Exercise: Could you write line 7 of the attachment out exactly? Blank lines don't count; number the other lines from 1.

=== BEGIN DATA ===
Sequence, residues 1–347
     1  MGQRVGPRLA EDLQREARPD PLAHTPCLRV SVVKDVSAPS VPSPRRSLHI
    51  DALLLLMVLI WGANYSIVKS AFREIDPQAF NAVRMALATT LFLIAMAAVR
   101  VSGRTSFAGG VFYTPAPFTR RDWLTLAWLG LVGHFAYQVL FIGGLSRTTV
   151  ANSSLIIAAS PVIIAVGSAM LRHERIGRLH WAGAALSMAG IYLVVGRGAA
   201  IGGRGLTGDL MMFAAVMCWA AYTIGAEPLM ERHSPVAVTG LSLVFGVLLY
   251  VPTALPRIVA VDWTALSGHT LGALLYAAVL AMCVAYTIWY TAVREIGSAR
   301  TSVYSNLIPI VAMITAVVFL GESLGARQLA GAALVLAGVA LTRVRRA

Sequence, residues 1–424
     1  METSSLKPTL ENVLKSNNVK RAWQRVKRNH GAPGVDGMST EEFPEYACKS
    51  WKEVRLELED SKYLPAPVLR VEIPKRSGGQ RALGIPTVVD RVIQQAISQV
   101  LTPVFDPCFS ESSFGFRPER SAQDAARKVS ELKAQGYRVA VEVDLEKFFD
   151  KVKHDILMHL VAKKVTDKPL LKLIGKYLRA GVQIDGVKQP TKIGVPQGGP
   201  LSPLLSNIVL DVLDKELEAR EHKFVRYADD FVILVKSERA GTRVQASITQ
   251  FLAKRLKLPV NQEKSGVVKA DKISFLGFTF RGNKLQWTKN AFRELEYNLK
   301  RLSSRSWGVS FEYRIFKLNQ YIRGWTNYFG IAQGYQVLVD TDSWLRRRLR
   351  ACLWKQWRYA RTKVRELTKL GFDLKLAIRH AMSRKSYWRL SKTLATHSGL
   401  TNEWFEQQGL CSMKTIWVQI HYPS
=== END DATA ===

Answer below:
   251  VPTALPRIVA VDWTALSGHT LGALLYAAVL AMCVAYTIWY TAVREIGSAR